TIME United Kingdom

1,000-Pound Bomb From World War II Unearthed in London

World War II Bomb London
Sergeant Rupert Frere—Britain's Ministry of Defence/AFP/Getty Images An unexploded 1,000-pound bomb discovered at a building site in south London, on March 23, 2015.

Hundreds evacuated while experts work to defuse the explosive

Experts safely defused a 1,000-lb. bomb from World War II on Tuesday after it was unearthed in southeast London.

The 5 ft.-long bomb, which was 6-9 ft. below ground, had prompted an evacuation of 1,200 homes in Southwark after a construction vehicle discovered the device on Monday, officials said in a statement. As of Tuesday evening, affected residents were allowed to return home, with the bomb defused and removed.

The Southwark area, once the commercial hub of London, had been heavily bombed during World War II. Bombs continue to be discovered decades after the war ended in 1945: between 2009 and 2014, the London Fire Brigade was notified of seven unexploded bombs from World War II.

TIME astronomy

Watch the Solar Eclipse

See the moon block out the sun

Lucky skywatchers were able to spot Friday’s solar eclipse, when the moon passes between the earth and the sun, plunging parts of the world into darkness.

The best place to see the eclipse was in the Faroe Islands, 200 miles off the coast of Scotland, and in Norway’s Svalbard archipelago, which was set to experience a total eclipse, reports the Guardian.

Starting in Greenland at sunrise, the eclipse moved in a semicircle northeast, passing over Iceland, and reached the U.K. at around 8:45 a.m. local time. But most of the solar eclipse was expected to go unseen as it crossed over the North Atlantic and Arctic Oceans.

Weather permitting, residents in Europe and northern Africa, western Asia and parts of the Middle East were able to enjoy a partial eclipse to varying degrees. St. John’s in Newfoundland Canada was expected to see a small part of the eclipse but the rest of North America won’t be able to experience it.

A solar eclipse can only happen when there is new moon, and Friday’s is set to be a supermoon, meaning the moon is the closest point to the earth in its orbit, making it appear much larger.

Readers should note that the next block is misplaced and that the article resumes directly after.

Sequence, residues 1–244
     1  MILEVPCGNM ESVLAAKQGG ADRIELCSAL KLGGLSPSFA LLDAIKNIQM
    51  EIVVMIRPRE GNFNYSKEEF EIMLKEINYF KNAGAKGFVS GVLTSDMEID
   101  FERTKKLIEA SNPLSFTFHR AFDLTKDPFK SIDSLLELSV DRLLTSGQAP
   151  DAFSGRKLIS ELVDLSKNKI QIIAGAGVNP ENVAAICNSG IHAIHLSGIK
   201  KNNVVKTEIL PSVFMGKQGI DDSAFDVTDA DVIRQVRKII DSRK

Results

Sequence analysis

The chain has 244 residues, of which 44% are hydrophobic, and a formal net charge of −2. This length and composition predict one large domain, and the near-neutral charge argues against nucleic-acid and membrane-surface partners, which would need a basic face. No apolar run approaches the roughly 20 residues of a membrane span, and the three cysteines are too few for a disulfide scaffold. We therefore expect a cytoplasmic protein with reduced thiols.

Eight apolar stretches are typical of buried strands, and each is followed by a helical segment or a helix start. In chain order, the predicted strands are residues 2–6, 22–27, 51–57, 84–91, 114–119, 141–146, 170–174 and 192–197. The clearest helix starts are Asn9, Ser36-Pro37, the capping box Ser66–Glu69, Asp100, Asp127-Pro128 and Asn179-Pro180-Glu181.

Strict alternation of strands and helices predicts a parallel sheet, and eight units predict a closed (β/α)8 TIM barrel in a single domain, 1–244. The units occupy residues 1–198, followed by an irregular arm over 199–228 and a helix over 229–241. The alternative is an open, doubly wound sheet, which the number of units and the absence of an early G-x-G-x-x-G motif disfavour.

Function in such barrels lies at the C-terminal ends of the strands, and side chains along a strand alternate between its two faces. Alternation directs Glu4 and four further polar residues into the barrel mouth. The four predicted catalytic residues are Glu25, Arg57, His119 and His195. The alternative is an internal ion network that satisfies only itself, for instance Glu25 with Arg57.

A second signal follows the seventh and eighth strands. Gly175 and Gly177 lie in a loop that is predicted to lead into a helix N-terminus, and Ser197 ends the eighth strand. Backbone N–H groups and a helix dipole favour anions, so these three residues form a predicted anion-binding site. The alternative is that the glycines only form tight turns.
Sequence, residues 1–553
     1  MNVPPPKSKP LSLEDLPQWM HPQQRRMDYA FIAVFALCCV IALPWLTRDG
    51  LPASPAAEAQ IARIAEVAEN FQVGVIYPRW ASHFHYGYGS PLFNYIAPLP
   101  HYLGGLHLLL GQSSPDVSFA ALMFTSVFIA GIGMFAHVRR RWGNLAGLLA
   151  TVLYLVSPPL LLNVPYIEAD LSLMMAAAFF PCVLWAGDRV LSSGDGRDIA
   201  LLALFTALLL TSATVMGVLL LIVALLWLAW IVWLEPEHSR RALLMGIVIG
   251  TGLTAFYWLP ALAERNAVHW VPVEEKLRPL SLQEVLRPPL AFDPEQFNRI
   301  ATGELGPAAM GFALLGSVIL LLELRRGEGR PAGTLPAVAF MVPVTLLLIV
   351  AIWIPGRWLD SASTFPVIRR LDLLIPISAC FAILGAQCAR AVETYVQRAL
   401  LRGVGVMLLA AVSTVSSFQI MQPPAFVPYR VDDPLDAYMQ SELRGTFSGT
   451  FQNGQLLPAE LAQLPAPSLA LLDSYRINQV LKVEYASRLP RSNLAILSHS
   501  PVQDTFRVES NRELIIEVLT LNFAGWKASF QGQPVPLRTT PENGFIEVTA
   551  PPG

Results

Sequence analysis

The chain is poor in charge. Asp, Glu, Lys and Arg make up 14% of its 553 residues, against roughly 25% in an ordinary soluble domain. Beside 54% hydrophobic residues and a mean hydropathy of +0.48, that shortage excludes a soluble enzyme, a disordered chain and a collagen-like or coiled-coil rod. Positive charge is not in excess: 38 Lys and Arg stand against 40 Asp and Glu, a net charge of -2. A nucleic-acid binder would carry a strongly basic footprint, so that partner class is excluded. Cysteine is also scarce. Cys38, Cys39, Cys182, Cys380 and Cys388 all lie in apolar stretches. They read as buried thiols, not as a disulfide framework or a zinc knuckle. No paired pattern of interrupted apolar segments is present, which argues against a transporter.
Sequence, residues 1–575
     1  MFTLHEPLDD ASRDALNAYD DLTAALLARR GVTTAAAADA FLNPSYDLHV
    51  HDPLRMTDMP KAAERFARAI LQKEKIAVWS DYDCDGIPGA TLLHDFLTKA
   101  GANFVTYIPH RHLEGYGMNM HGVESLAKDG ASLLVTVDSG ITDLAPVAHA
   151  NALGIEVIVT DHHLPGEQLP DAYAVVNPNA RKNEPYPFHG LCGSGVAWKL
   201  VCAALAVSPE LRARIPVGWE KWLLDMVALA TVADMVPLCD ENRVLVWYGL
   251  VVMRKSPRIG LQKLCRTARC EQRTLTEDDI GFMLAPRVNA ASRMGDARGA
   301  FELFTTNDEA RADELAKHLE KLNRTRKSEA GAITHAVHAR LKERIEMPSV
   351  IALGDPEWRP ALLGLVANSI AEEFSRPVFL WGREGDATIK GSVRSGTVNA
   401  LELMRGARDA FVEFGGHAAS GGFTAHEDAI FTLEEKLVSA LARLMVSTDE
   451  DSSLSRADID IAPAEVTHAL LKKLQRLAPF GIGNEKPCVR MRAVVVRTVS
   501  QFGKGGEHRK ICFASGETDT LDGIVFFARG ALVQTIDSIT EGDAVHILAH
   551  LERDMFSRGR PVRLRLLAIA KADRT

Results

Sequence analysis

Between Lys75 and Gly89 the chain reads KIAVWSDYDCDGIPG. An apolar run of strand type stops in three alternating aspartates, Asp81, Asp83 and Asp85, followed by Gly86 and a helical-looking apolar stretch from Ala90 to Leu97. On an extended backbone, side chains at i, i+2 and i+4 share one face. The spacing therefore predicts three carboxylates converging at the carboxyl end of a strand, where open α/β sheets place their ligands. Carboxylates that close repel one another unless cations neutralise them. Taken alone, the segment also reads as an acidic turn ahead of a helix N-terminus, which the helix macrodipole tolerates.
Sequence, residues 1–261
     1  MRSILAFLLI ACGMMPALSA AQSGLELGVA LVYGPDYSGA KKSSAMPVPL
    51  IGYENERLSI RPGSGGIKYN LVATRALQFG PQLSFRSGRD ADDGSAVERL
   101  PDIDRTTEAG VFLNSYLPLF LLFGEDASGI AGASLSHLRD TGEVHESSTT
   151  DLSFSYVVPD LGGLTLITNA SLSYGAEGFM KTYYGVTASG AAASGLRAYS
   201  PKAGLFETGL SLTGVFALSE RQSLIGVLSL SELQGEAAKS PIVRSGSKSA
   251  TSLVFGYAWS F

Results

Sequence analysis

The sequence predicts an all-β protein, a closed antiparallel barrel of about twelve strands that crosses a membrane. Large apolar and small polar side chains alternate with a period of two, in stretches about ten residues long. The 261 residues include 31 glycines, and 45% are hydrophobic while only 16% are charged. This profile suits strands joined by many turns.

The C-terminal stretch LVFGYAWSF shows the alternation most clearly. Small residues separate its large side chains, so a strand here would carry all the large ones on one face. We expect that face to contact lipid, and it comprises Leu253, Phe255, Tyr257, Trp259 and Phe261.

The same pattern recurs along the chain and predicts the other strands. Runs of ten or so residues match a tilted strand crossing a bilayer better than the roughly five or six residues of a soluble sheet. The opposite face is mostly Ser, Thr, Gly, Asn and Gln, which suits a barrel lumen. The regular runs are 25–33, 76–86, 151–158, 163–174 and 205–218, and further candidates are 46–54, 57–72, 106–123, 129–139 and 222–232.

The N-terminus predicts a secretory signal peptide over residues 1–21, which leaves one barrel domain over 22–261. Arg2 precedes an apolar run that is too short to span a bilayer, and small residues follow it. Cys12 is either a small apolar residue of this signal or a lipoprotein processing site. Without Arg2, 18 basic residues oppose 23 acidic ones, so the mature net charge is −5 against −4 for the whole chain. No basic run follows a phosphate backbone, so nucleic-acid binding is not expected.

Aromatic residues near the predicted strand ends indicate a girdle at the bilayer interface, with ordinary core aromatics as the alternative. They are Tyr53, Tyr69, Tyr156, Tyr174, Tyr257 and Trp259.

To complete the trio of celestial events, Friday also marks the spring equinox, the time of year when day and night are of equal length.

If you are lucky enough to observe the full or partial eclipse, experts advise not to look directly at the sun, especially when taking photographs or selfies.


Read next: See the Best Solar Eclipse Pictures

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A 15-Year-Old Just Redesigned the British Pound Coin

This photo issued by HM Treasury shows the side of a new one pound coin announced by the Government.
The Royal Mint—AP This photo issued by HM Treasury shows the side of a new one pound coin announced by the Government.

Young man designs old coin

The new British one pound coin has been designed by a 15-year-old who beat out more than 6,000 entries.

David Pearce’s drawing contains the national emblems of the United Kingdom, with a rose, leek, thistle and shamrock emerging from a Royal Coronet, reports Sky News. The drawing was slightly refined by coin artist David Lawrence and lettering expert Stephen Raw.

The teenager from the West Midlands city of Walsall said, “I spent a lot of time researching what coin designs looked like and what sort of designs would represent all parts of the UK before submitting my idea and I honestly cannot believe I have won.”

The Royal Mint

The coin is being replaced for the first time in more than 30 years because of its vulnerability to counterfeiters.

Pearce’s design will feature on the new currency that will be released in 2017.

[Sky News]

Read next: Prince Harry: Behind ‘My Tough Decision’ to Leave the Army

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TIME United Kingdom

Swedish Prosecutors Offer to Question Julian Assange in London

WikiLeaks founder Julian Assange gestures during a press conference inside the Ecuadorian Embassy in London on Aug. 18, 2014.
John Stillwell—AFP/Getty Images WikiLeaks founder Julian Assange gestures during a press conference inside the Ecuadorian Embassy in London on Aug. 18, 2014.

Sweden first issued an arrest warrant for the Australian Wikileaks founder in 2010 after he was accused of sexual assault and rape

LONDON — Swedish prosecutors on Friday offered to question WikiLeaks founder Julian Assange in London, potentially breaking a stalemate in an almost five-year-old investigation into alleged sex crimes.

Prosecutors had previously refused to travel to London, where Assange has spent almost three years inside the Ecuadorean embassy. Lead prosecutor Marianne Ny explained the change in position by saying some of the crimes the 43-year-old Australian is accused of will reach their statute of limitations in August.